How tech, AI can help cut healthcare costs
NASHVILLE — While the use of telemedicine and artificial intelligence to reduce healthcare costs may hold great promise, many U.S. employers — and the advisers who guide them — are doing it all wrong.
That’s the conclusion of top healthcare and benefit advisers who say using technology and AI will hold a key role in solving the vexing problem of rising healthcare costs in America.
As a consultant, Curtis Cannon, managing partner at Axis Recovery, says he sees many brokers who lack a complete tech and data plan to create long-term strategies for healthcare cost containment for their clients.
There’s an “emerging gap in strategy — or the lack thereof. A lot of brokers have a bolt-on mindset, where you just grab something off the shelf, no matter what the data says,” Cannon said Friday during the closing panel at Employee Benefit Adviser’s Workplace Benefits Renaissance conference. “What’s really critical is to have a long-term strategy on cost containment using data, because without data, you’ll just be another guy with an opinion.”
Julian Lago, president of Benezon, a national healthcare advocacy firm, and Dante Cook, partnerships and alliances manager at Springbuk, a healthcare analytics software firm, who also spoke on the conference panel, said they see a world where emerging data will result in tremendous transparency for consumers — and a dizzying array of options.
“In a macro sense, the world always moves from bundling to unbundling, but eventually it will all bundle back up,” Cook said, using the cable TV industry as an example. “You went to a cable network and you buy a whole package, and they give you all the channels. But now you say, I don’t want the whole network. I want this channel and this channel and that subscription. So how do we build packages, models, for our consumers and the members within our plan to choose whatever package they’d like to?”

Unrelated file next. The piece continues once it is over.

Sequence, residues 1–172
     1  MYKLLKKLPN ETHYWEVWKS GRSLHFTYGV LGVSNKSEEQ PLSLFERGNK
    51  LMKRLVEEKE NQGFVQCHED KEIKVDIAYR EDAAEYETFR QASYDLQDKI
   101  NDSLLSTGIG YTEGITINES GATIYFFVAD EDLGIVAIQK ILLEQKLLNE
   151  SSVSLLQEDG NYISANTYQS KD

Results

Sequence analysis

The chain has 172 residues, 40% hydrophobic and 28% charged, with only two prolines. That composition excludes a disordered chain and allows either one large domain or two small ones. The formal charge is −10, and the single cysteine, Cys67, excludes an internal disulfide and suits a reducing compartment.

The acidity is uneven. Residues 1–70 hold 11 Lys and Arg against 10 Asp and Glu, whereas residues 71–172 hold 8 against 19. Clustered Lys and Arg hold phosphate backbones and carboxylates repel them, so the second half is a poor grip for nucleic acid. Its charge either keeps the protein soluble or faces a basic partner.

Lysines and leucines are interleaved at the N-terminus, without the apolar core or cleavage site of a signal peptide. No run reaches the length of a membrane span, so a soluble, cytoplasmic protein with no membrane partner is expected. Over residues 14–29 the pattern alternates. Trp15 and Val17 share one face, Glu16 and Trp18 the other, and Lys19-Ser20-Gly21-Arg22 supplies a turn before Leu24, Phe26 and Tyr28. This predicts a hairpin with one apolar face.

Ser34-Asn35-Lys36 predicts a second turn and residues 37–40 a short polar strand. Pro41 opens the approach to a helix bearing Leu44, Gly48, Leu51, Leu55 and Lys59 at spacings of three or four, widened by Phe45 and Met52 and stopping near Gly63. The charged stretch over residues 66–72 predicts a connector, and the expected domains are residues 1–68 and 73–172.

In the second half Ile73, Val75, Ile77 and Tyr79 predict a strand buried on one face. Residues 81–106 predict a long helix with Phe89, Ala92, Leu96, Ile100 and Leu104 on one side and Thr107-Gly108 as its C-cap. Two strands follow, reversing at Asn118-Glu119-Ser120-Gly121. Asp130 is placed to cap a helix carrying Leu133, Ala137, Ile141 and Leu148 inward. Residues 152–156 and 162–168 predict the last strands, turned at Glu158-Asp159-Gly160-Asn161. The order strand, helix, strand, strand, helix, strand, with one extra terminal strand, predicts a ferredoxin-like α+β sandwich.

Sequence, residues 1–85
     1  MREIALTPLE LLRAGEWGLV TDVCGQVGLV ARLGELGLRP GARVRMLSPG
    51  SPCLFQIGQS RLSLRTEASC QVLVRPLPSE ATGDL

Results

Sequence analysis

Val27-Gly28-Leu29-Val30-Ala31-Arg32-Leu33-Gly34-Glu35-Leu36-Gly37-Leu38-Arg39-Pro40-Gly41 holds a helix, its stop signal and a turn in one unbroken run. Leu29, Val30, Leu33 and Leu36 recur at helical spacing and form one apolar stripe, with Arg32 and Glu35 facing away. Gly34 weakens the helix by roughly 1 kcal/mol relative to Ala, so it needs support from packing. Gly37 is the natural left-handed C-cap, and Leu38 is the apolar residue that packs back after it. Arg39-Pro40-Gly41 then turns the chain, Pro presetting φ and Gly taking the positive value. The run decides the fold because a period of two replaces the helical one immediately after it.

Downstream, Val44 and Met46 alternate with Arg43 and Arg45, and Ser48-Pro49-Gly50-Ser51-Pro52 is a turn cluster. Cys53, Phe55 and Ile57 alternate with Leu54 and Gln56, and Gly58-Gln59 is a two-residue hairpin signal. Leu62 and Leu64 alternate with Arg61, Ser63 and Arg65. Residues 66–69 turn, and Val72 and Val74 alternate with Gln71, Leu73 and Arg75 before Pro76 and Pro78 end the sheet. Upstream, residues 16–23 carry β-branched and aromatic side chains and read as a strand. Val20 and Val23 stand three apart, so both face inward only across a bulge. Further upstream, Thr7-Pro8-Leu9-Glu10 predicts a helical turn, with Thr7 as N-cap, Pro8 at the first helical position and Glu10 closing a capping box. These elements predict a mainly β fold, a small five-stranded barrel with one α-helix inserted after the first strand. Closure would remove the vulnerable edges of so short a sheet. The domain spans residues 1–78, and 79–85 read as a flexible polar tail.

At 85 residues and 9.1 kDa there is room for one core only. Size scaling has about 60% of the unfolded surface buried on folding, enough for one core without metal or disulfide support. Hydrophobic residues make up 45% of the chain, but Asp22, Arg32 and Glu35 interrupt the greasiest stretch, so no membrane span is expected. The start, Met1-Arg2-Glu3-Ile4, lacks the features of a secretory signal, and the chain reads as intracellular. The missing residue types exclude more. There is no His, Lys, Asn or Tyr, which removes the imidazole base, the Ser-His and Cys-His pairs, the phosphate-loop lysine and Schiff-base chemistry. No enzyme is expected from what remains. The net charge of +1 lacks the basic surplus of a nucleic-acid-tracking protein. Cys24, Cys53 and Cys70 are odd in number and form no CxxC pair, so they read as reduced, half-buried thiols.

Cook said with current innovation and technology, consumers want to connect into the healthcare system via mobile devices.
“Via chat is the first layer, and then via telephone, and then via telemedicine or virtual care, and then primary care, and then urgent care, and then specialty care — and then the emergency room. But there are seven different ways that they should be able to access their healthcare.”
What does the future look like?
Employers will need to address consumers who prize simplification.
“Have one app that controls the vertical of your life,” Cook said. “When it’s music, it’s Spotify or Apple Music. When it’s entertainment, it’s Netflix or Hulu. When it’s finance, it’s Mint.”
The same should apply for employees in the workplace who are trying to manage their own healthcare plans and medical profiles, but instead workers have too many strategies, tools and apps to access, Cook concluded.
“They should have one solution that owns the healthcare vertical of their life, because we do it in every other place in our life,” Cook said.
Benezon's Lago also sees a greater role for telemedicine going forward.
“Placing telemedicine on the mobile app allowing for AI reminders and point of care notifications can be an excellent way to increase usage," he said after the panel. "[T]elemedicine is immediately available and a convenient use of healthcare, saving time and money for both members and employers.”
Do you agree with Dante Cook and the panel? Please share your thoughts in our comment section below, or on social media using #WBR2019.